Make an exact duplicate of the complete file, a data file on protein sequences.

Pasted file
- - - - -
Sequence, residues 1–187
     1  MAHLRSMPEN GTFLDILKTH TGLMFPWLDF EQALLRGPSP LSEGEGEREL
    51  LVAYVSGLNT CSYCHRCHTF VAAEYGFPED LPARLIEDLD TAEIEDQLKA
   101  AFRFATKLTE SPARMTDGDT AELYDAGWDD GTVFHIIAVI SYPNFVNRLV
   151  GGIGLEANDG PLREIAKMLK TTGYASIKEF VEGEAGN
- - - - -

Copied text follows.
Sequence, residues 1–187
     1  MAHLRSMPEN GTFLDILKTH TGLMFPWLDF EQALLRGPSP LSEGEGEREL
    51  LVAYVSGLNT CSYCHRCHTF VAAEYGFPED LPARLIEDLD TAEIEDQLKA
   101  AFRFATKLTE SPARMTDGDT AELYDAGWDD GTVFHIIAVI SYPNFVNRLV
   151  GGIGLEANDG PLREIAKMLK TTGYASIKEF VEGEAGN